The key to an effective quiz night is preparation. An excellent quiz should include interesting questions with popular subjects. It is possible to either create your personal quiz or buy from an established supplier. There are a lot of free quiz questions online, but it can take quite a long time to write an excellent quiz and make sure the answers are accurate so that it may be worth investing in a pre-made quiz online.
I find the best round to start a quiz with is really a picture round. The reason for this is because it generally does not need the quiz master to be reading out questions. They could be given out before hand to let people know the quiz has started and present the quiz master the opportunity check they are prepared.
If the quiz is being run in a pub picture round sheets could be given out as you go from table to table asking if people are joining – if they’re take their money and present them an answer sheet and picture round.
The questions in a quiz should be challenging, accurate, guessable and interesting. There is absolutely no point in setting a question that everyone will know the solution to. When I write a quiz I try to make sure that a lot of people / teams will get at the very least 50% correct, but I never want one to get 100%. I also want the answers to be guessable, so at the very least those taking part have the opportunity of getting it correct, even if they’re not sure. Another good tip for writing quiz questions is to try to keep carefully the questions interesting. If someone doesn’t know the answer, they should wish to know.
Finally – and crucially – quiz questions must be accurate! I once went to a pub quiz and there is a question along these lines: What’s the name of the barrister living at No. 10 Downing Street (at that time Tony Blair was PM)? The solution given was Cherie Blair, but there is a little uproar as some teams had answered Cherie Booth – the name she used professionally. This illustrates how badly thought out questions can cause problems. In case a team lost by won point due to this they would have already been quite upset (after all, a pub quiz is really a serious battle!)
The quiz master must be confident to speaking to a large number of people, explaining the rules and reading the questions clearly, and it always helps to include a little bit of humour and banter, especially when running a pub quiz. The quiz master’s decision should always be final, never giving in to cries of “that’s got to be worth half of a mark!!”
The format of a quiz is entirely your decision, and can vary depending on the event. A pub quiz can be very different to a night in with friends. For pub quizzes, I find the best format is this:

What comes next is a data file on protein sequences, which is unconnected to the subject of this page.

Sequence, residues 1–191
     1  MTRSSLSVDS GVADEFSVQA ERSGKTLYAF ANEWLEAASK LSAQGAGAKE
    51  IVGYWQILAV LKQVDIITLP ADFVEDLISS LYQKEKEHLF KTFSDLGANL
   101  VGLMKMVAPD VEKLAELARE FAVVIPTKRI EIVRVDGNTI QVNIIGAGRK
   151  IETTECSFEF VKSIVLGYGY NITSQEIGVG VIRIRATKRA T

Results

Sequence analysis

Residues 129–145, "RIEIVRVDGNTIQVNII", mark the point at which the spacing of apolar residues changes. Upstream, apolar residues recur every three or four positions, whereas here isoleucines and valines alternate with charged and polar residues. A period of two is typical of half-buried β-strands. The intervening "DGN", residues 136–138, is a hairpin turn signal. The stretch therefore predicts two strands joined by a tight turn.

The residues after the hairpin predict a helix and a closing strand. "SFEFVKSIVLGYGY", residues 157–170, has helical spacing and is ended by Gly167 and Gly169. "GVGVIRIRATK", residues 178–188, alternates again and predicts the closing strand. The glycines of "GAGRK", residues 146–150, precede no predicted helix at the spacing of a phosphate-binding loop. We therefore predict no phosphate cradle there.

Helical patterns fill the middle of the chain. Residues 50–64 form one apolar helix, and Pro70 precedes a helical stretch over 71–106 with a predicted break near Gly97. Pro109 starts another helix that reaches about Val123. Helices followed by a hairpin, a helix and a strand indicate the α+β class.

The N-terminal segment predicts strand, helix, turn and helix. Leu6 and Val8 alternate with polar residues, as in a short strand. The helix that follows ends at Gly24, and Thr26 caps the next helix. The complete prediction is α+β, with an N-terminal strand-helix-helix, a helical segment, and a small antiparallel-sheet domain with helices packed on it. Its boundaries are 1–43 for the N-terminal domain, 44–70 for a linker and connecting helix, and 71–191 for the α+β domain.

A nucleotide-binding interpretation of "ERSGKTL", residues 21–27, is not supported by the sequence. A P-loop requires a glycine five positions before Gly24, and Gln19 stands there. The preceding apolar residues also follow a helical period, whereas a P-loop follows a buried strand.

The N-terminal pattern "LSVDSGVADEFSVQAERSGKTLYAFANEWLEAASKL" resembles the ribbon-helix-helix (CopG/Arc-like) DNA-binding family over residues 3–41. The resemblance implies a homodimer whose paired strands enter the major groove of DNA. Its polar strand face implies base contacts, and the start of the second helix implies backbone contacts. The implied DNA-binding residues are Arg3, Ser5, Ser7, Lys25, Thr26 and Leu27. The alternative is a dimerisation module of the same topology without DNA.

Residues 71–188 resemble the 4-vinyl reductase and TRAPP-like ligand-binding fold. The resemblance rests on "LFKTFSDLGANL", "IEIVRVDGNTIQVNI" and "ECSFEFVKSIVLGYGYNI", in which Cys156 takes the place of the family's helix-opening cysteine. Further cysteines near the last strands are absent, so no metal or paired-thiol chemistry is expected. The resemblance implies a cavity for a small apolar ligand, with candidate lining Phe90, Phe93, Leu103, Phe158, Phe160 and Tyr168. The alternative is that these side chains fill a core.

1. Head to each table in the pub asking if they’re joining the quiz and when they’re charge them (I find ï¿½1 is fine) and hand them a remedy sheet and picture round
2. After ten minutes roughly announce (with a microphone if possible) that the quiz is about to start and explain the rules of the quiz, e.g. no cheating with mobiles!
3. As yoursite.com prepare, explain the rule for the round (e.g. answer trains have the answer to the question beginning with last letter of the previous question) and read aloud the questions. Read them twice
4. Allow a short while between rounds to permit teams to discuss the answers
5. After round 3 pause for ten minutes or so to take questions and invite punters to refill their glasses
6. Read aloud the questions to the remaining rounds, including the tiebreaker
7. At the end allow a couple of minutes for final checks and questions from participants before asking them to exchange answer sheets with a team sitting nearby
8. Read through the answers
9. Get each team to raise your voice their results. I think this increases results than having teams coming up to provide results – it’s more pleasurable and informal
10. Keep an email of everyone’s score before declaring the winner. When there is a tie you can use a tiebreaker question (see next tip)
A format similar can also work with social or fund raising events, but obviously for a night in it can be a lot more informal (and I wouldn’t charge friends and family!)
You can get a free of charge general knowledge questions quiz here.
A tiebreaker question could be asked at the end of the quiz in the event of (you guessed it) a tie. In a pub quiz or event with many teams I believe the easiest method to resolve who won is to get each team to nominate a member to answer the tiebreaker. However, they must get up before everyone, toss a coin to see who’ll answer first, and answer the questions by using everybody else shouting their opinion. This produces a far more entertaining end to the evening and of course, everyone gets to shout their opinion!
Giving out the prize could be another the main entertainment. There are many methods to do this, from just giving them a set prize (maybe ï¿½20, or perhaps a free drink each) or encouraging them to bet the winnings. You can get them to select their prize from three envelopes, or ask them to risk their prize money with a double or nothing bet – this is often anything from a coin toss to a Bruce Forsyth style Play Your Cards Right gam